Laminated fiber reinforced polymer composites are known for high specific strength and stiffness in the plane of lamination, yet relatively low out-of-plane impact damage tolerance due to matrix dominated interlaminar mechanical properties. A number of factors including the toughness of the matrix can influence the response of composites to impact. The objective of the current investigation is to evaluate the ballistic impact response of carbon/epoxy tubes with variable amounts of nanosilica particles added to the matrix as a toughening agent. Mass density, elastic modulus, glass transition temperature and Mode I fracture toughness of the matrix materials were measured. Tubes manufactured with these matrix materials were ballistically impacted using a round steel projectile aimed at normal incidence across the major diameter. After impact, the tubes were nondestructively inspected and subjected to mechanical tests to determine the residual shear strength in torsion. Increasing concentrations of nanosilica monotonically increased the modulus and fracture toughness of the matrix materials. Tubes with nanosilica had smaller impact damage area, higher residual shear strength, and higher energy absorbed per unit damage area versus control materials with no nanosilica. Overall, the addition of nanosilica improved the impact damage resistance and tolerance of carbon/epoxy tubes loaded in torsion, with minimal adverse effects on mass density and glass transition temperature.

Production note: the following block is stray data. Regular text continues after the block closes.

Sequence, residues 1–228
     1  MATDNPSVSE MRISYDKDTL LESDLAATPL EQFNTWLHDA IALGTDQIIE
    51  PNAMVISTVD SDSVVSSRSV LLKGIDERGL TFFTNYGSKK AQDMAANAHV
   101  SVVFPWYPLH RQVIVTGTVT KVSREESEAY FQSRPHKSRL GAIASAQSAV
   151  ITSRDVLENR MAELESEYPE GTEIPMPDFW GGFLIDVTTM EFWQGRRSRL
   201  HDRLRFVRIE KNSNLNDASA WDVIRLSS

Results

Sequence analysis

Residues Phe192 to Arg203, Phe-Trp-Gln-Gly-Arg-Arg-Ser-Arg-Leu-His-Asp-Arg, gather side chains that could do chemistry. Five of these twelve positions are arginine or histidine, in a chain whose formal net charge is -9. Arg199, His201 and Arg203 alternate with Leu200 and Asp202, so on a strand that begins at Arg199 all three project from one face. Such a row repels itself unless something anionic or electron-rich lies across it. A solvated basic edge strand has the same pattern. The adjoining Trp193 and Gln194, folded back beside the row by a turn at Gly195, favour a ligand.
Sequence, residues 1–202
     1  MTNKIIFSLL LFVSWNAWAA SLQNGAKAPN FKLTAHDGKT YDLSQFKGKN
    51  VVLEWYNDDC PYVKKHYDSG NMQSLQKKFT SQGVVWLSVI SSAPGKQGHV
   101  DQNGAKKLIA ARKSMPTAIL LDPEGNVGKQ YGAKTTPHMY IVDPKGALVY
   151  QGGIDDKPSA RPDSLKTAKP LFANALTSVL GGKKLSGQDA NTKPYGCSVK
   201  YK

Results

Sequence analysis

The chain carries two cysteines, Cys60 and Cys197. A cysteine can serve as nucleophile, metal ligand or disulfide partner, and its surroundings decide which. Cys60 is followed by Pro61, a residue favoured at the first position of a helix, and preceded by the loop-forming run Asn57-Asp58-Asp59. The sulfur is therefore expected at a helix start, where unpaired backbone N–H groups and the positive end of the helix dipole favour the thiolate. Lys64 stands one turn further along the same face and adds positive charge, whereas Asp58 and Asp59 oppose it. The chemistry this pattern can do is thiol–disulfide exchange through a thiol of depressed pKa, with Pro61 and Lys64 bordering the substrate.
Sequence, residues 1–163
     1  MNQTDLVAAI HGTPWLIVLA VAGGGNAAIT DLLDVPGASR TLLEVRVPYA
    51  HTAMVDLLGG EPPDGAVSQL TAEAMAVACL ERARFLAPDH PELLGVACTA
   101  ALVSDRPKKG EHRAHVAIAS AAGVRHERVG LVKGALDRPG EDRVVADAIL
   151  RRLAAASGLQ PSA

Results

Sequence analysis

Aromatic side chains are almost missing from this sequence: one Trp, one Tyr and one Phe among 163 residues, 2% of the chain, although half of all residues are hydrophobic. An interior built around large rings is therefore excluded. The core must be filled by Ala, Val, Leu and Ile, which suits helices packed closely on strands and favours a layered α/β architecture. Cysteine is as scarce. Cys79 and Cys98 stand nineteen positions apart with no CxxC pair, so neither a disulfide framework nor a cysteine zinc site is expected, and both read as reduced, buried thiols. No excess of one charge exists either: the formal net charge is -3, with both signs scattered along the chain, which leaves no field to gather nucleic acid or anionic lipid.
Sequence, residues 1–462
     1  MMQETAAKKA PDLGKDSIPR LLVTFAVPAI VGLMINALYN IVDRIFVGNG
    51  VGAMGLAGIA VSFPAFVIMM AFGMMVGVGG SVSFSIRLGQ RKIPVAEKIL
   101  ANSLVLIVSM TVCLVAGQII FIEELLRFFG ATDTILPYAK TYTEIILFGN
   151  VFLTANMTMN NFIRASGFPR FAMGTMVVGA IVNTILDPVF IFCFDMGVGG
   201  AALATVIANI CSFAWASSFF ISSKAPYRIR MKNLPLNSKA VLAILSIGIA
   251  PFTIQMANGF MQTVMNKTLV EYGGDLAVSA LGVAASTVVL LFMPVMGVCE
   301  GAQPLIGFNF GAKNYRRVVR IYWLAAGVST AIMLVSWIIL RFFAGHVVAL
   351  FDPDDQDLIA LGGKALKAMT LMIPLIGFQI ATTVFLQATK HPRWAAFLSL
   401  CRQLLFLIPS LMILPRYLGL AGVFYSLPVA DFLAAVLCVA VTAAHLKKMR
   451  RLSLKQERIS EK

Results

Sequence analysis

All Science Journal Classification (ASJC) codes
- Ceramics and Composites
- Mechanics of Materials
- Mechanical Engineering
- Materials Chemistry